Each year around 350 players are invited to the NFL Scouting Combine to prove their draft worthiness. However with a pool of 130 FBS teams along with the other football sub-divisions, invariably some prospects will be left out. Below is a breakdown of several players that I feel are the best unheralded draft day options who were omitted from the combine.
Quarterbacks - 17 invitees
Mike Glass III - (6'0/209) - Eastern Michigan
Glass is perhaps best known for his LeGarrette Blount-esque incident in EMU's bowl game against Pitt where he inadvertently dropped a ref with a right-cross thrown at a Pitt defender. The incident overshadows an impressive body of work from a G5 QB that displayed above-average athleticism paired with a 66.3% completion percentage that ranked above P5 standouts such as Trevor Lawrence, Tanner Morgan and Brock Purdy, while falling just shy of first-round prospect Justin Herbert's 66.8 comp percentage.
Obviously the competition level is well below that of the power-5 schools, but Glass III is adept at buying time and throwing on the run. He rushed 189 times for 840 yards and 14 touchdowns in 20 games played over his college career, so he is a willing and able runner when the opportunity presents itself. His stout lower-body made it tough for would-be tacklers to wrap him up and he throws a nice intermediate-range ball with a particularly good feel for hitting his receivers in stride down the sidelines. Glass III received an 82.7 overall passing grade from PFF in 2019, which ranks above notable combine-invitees such as Nate Stanley, Jacob Eason and Jordan Love so he has projectable skills from an analytics perspective as well.
The knocks on Glass III are his size, which at 6'0/200 is below the preferred threshold for prototype NFL QB's. He also has a tendency to throw off his back-foot which contributed to his sub-par 24/11 ratio. Glass III will lock onto his primary receiver a little too long when he should make progressions and his relative inexperience in terms of games played means he will need ample development as a project at the next level. It has been speculated that Glass III could parlay his athleticism into a position change but that remains to be seen for now. He ran in the 4.7 range previously, so he doesn't possess game-breaking speed from a skill-position perspective. Glass III will be closely monitored during his pro-day testing which is scheduled for 3/12/20.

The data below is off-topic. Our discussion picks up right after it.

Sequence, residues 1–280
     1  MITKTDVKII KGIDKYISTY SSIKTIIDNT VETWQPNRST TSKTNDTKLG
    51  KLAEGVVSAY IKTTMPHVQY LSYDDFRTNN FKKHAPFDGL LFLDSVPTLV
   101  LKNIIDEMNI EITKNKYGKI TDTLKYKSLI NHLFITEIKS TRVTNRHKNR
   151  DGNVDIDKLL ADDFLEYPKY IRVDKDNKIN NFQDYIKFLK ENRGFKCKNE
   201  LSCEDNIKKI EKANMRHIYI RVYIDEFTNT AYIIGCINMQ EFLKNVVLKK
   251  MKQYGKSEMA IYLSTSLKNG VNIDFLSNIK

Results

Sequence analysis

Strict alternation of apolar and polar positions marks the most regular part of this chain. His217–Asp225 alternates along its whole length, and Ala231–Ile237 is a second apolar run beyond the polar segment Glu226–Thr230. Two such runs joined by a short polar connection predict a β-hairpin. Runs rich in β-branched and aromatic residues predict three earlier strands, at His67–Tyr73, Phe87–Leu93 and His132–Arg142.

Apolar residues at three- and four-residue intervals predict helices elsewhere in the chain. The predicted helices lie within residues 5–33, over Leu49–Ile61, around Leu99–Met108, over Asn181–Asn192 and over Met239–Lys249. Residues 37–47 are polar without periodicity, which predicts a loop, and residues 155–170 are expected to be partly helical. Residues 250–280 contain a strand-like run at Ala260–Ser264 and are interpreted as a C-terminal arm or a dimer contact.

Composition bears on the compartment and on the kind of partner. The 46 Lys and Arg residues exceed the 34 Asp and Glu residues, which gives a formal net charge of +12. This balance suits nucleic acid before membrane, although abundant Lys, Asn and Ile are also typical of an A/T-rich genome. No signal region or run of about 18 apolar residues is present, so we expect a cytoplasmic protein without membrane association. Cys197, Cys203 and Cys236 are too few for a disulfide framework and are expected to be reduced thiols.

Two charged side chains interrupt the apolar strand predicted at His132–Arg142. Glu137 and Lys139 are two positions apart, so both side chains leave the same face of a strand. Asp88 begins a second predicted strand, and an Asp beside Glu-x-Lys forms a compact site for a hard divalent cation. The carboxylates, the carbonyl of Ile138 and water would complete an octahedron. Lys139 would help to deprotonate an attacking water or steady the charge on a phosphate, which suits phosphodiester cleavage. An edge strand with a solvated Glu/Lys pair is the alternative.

Bryce Perkins - 6'3/215 - Virginia
Perkins (6'3/215) is perhaps the most puzzling combine snub at the quarterback position, as his arrival on campus at UVA coincided with the program's resurgence under HC Bronco Mendenhall. The Johnny Unitas Golden Arm Award finalist led UVA to the Orange Bowl while setting the UVA career total yardage record with 7,910.
Perkins completed 64.5% of his passes in his collegiate career while also rushing for 1,692 yards and 20 touchdowns in his two seasons at the helm of the UVA offense. His game tape shows off Perkins' breakaway speed and uncommon passing touch for an athlete of his caliber. He also excelled against top competition, completing 70% of his passes for 323 yards and a 4/1 ratio in his final game versus a formidable Florida secondary. His arm strength is adequate enough to survive at the next level, especially when coupled with his ability to evade the rush and stretch out plays. Perkins is comfortable making quick reads and leading his receivers on short to intermediate routes where they can make plays in space. Also of note is Perkins had far-and-away the lowest drop % (1.6%) of any quarterback with over 400 throws last season, with only 8 drops in 498 attempts. It's a testament to Perkins' ability to throw a catchable ball and the sure handedness of his receivers to make the most of their opportunities.
Conversely, he sometimes will get too much air under his deep throws allowing defenders to catch-up and make plays on the ball. The biggest criticisms stem from his lack of pocket presence, as Perkins scrambled 48 times and took 44 sacks on 550 dropbacks. He produced only a 31.1 PFF passing grade when under pressure, a stat that does not bode well for his NFL chances. He is still likely to be in the Day 3 mix but his stock has cratered for the pre-season when he was rated as Mel Kiper's 5th-best senior QB back in the summer of 2019.
Josh Love - 6'0/203 - San Jose State
Much ink has already been spilled on Utah State prodigy Jordan Love, but it's San Jose State's Love Machine that might warrant a second look from teams who seek an experienced hand at the end of Day 3. From a production standpoint, Love piloted a fast-paced, pass-oriented system that led to him throwing the sixth-most passes in the FBS last season and finishing seventh in passing yardage.
He completed 61% of his passes for 3,923 yards and a 22/8 ratio while taking only 13 sacks and throwing away in 481 attempts, which accounted for the lowest sack-to-attempts ratio of any QB with over 400 attempts. Love was victimized by poor wide receiver play at times, as his WR's dropped 32 of his passes. His 87.6 PFF passing grade ranked 11th in the country amongst QB's with 300 attempts or more, which eclipsed the passing grades of notable combine invitees Jordan Love, Justin Herbert and Anthony Gordon. Love makes his money throwing in the 10-20 yard range where he grades out well above average.